Hate to break it to all the pregnant ladies but from the moment you have delivered that baby the attention will shift completely away from you. Especially (first-time) grandparents will go from all the attention in the world for the pregnant daughter (-in-law) to “thank you very much, you have done your job, our grandchild is here now, you are dismissed”. So yeah all that attention, care and love during pregnancy is basically just to make sure you do the job well and make sure they will have their grandchild.
So there you are, still bleeding in your hospital bed, alone on one side of the room whereas your baby has been taken to the other corner of the room with everybody gathered around him. (When I say everybody in Spain that literally means everybody, read also family reunions in the hospital) If you´re lucky someone will shout quickly (without even looking over their shoulder) to your side of the room to ask if you´re ok but that´s about it.
Ok this might be a little exaggerated (but seriously, only a very little), but pretty soon after giving birth you will realize that you´re not as interesting anymore as you once were. When I mentioned this to C he basically welcomed me to the club because he had been dismissed and thanked for the job 9 months earlier already, so yeah he was kind of getting used to the fact that when someone from the family called him they wouldn´t ask first how he was (if they would even ask) but always asked for someone else first.
Have to say there is some cultural difference here as well because now that the newness-hysteria-of-the-first-grandchild has settled down a bit usually the Dutch family would ask first how you are and then the baby but the Spanish side would mainly be all baby-focused. After a few phone calls that started with “hi, how is my boy?” I started playing dumb and answered that her boy was perfectly fine, maybe a bit tired due to the new sleeping rhythm in combination with work etc. I usually couldn´t even finish that sentence because obviously that was not the boy that was being referred to.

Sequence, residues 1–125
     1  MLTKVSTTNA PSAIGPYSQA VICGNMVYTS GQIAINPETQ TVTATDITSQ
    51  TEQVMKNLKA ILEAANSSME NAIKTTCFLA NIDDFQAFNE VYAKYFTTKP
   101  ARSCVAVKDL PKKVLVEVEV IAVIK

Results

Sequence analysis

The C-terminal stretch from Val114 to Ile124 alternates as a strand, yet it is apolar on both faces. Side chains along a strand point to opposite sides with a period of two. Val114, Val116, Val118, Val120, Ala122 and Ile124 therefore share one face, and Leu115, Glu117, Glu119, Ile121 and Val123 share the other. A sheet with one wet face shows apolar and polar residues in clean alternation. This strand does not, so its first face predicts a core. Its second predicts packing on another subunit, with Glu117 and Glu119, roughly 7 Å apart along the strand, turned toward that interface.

Don´t get me wrong here, I am not jealous of my baby because he is usually the center of attention, I get that, I am a huge fan of the bichin too so I am the last one to say that it´s not difficult to focus on something else when you have this cute smiling creature hopping up and down in front of you. But I do appreciate some normal conversations sometimes and not the typical visit where questions are being asked (so yes, an attempt is being made) but it doesn´t really matter if you answer or not because it won´t be heard anyway. I know it´s cultural differences as well, where in the Netherlands you would leave your kid to play in the playpen in the living when you sit with visitors on the couch (of course visitors also want to see and play with the bichin but it´s not the whole time, there´s also time for other conversations), in Spain the kid is the object you gather around and the one and only focus area and topic of conversation. He won´t be left alone and you might as well start cleaning the kitchen or working your way through that immense pile of laundry because probably they won´t even notice.
One can always argue what´s better: leaving him alone in his playpen and sometimes too little attention from the grown-ups who are always busy or too much attention, a complete baby focus and no time for anything else. I guess the ideal is a balance between the two and it very much depends as well on what you´re used too. So yeah, for me cold, Northern-European the Spanish way can be quite intensive.
Again, I don´t need the attention my son gets, but I do think it´s healthy for kids that they are not always the center of attention, also learn to play on their own, and have the opportunity to try things themselves. For me it´s important to raise a boy that is independent, confident and happy but also knows what it is if things don´t always work out immediately and that sometimes you fail but you can learn from it and try again. We don´t need to always solve everything immediately for our kids. Especially the independence and the failing part might remain a struggle for the upcoming years in Spain because honestly I can see in the way kids are being raised and even in people from my generation that these are not very much embedded in the culture. So this post will probably be continued :).